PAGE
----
There's always a backstory to the story. The one I want to tell here is the one that introduces me to you and tells you why I am writing.

I remember the day in 1990 when the construction workers finished the wall. It was part of a new research building at Northwestern University, where I was finishing my doctorate in molecular biology. As I looked out of my laboratory window, now eclipsed by the formidable concrete next door, I cried. I'd lost my view of downtown Chicago. And the event became a metaphor for what the research lab was doing to my love of science.

I had to find another way.

I embarked on an odyssey, launched during my postdoc, when I studied the calcification of kids' replacement heart valves at Children's Memorial Hospital. I had searched outside of work for something to do, took some journalism classes at Columbia College, and stumbled upon a gig as a stringer for the Southtown Daily, a local newspaper. It planted the seed of a new passion. Writing.

I wrote about local tax bills and Veterans' Day parades. After a year, I won an American Association for the Advancement of Science Mass Media Fellowship, which placed me as a reporter at the Chicago Tribune. I wrote about anything remotely related to science, from O.J. Simpson's DNA analysis to head injuries in sports to deer overpopulation in River Forest, Illinois. I loved finding the science in everyday things. And infusing the study into the story.

When I became a new mother in 1995 and left the paper and Chicago, I thought the dream had ended. I attended to family life in Cleveland, Ohio. But I couldn't shake the craving to write. So I picked up freelance work and thought of it as a stopgap to my next "real" job. But seven years passed. Freelancing fit me so well that I stayed with it through eight more years. I wrote for technical publications such as Science, Nature and Scientific American. In a quest for versatility, I also crafted stories for magazines such as Child, Health, Self and Yoga Journal.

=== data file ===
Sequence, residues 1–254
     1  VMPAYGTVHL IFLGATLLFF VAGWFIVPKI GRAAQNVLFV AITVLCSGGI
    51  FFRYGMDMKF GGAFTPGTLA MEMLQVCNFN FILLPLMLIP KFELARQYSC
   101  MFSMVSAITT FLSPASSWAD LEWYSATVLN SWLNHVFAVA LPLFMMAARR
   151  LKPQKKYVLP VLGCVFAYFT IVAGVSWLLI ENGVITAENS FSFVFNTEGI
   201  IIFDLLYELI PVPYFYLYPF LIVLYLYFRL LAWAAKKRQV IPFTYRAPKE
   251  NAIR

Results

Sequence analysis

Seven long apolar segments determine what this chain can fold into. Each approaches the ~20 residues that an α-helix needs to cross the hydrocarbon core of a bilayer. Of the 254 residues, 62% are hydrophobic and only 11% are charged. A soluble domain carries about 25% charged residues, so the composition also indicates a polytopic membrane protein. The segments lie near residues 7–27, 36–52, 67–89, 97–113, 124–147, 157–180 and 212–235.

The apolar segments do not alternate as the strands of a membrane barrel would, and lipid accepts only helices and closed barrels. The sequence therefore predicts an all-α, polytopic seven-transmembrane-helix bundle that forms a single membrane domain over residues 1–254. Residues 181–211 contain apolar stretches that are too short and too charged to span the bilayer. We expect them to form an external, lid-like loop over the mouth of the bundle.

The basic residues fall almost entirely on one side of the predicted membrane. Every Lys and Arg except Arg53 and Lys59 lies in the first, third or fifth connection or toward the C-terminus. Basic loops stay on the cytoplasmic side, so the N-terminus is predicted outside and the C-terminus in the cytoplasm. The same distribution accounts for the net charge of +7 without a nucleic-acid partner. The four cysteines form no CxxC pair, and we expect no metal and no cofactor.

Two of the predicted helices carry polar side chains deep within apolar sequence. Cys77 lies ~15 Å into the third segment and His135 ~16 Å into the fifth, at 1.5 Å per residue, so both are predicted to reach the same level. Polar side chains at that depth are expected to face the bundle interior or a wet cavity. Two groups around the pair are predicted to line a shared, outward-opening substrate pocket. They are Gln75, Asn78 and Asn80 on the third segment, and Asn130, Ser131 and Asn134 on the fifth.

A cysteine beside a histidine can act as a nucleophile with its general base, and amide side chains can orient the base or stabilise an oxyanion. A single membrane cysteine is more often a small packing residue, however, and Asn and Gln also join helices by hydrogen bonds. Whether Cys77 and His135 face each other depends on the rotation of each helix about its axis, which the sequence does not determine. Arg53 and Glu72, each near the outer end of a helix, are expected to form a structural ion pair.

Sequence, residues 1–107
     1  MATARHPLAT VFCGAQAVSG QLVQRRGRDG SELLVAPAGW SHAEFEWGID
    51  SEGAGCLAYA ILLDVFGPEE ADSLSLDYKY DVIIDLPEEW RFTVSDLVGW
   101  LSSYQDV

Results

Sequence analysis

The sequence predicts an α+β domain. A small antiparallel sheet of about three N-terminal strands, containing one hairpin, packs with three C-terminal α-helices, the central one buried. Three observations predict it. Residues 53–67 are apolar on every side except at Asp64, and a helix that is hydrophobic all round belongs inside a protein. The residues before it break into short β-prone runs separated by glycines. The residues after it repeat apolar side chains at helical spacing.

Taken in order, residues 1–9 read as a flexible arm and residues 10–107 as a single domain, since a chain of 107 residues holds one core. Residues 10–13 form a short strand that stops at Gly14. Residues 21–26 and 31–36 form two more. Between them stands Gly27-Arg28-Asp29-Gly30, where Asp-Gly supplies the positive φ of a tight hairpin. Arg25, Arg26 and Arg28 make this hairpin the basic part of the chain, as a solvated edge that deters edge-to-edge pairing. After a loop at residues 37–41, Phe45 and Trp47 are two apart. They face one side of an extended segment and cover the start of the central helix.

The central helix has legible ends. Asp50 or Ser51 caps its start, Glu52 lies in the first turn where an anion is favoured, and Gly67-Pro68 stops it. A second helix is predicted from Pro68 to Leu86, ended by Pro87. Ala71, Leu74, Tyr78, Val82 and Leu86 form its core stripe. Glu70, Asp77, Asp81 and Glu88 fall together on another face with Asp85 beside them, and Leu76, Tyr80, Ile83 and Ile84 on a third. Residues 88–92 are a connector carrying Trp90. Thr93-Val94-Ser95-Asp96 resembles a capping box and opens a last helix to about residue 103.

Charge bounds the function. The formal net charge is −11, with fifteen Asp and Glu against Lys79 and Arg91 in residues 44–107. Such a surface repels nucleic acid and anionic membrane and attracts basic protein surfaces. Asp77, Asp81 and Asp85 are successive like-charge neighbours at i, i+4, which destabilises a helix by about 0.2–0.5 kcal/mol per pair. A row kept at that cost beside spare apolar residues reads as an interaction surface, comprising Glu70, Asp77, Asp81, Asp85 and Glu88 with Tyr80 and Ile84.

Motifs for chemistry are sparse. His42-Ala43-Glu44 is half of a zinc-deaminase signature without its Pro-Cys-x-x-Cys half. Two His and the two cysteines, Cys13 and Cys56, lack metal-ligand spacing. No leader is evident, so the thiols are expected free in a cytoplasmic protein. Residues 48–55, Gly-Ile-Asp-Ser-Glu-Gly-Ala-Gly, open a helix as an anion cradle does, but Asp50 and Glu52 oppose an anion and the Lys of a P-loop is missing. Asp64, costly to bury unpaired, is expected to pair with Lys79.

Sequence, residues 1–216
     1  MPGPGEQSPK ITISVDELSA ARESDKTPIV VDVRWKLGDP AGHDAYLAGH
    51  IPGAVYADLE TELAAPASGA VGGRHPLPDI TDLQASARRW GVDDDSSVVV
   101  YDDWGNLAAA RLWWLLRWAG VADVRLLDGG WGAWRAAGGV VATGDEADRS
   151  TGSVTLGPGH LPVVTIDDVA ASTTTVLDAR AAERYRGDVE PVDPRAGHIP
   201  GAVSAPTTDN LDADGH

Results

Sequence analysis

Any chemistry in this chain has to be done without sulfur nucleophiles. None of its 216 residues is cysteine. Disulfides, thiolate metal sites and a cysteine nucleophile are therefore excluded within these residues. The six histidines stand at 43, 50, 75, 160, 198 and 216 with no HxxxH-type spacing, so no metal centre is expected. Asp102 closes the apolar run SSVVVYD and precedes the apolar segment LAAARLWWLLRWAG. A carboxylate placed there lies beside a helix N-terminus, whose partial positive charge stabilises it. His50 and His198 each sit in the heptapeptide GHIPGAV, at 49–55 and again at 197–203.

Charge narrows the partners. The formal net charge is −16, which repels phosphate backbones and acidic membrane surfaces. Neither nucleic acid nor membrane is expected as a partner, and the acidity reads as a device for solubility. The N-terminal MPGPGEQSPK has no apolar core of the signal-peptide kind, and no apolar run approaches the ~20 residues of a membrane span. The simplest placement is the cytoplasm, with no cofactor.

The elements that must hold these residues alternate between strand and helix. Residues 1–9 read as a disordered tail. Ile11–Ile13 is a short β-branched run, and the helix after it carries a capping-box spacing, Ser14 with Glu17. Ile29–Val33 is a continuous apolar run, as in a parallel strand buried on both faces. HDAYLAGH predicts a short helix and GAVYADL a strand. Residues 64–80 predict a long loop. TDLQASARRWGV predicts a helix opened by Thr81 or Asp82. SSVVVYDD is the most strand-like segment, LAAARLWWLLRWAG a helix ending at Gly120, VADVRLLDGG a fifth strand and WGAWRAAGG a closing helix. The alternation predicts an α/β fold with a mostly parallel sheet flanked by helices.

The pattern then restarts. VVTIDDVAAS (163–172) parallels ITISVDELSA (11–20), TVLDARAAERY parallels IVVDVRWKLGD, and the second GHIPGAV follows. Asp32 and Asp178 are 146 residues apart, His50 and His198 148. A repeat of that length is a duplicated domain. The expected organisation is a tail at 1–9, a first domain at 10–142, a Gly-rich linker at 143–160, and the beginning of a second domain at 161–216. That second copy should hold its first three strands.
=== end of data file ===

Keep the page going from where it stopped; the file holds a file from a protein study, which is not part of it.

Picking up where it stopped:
In 2002, I earned a Knight Science Journalism Fellowship at MIT and Harvard, which brought me to Boston. That experience led to my first book, Lying in Weight: the Hidden Epidemic of Eating Disorders (Harper Collins, May 2007), contribution to a second book, Going Hungry, Writers on Desire, Self Denial and Overcoming Anorexia and a third, Body: the Complete Human, for National Geographic.

What have I learned? Lots. But for the purposes of this blog:

  • Science has grown so much more complicated and fewer writers can well communicate its nuances and excitement. 
  • Multimedia can help.
  • None of us should lose our passion. There is always a way to kindle the fire. 
  • Stories have to be interesting, or no one will want to read them.

I now write, produce multimedia and live with my daughter, 15, in Brookline, Massachusetts.

That's me. I'd love to hear more about you.

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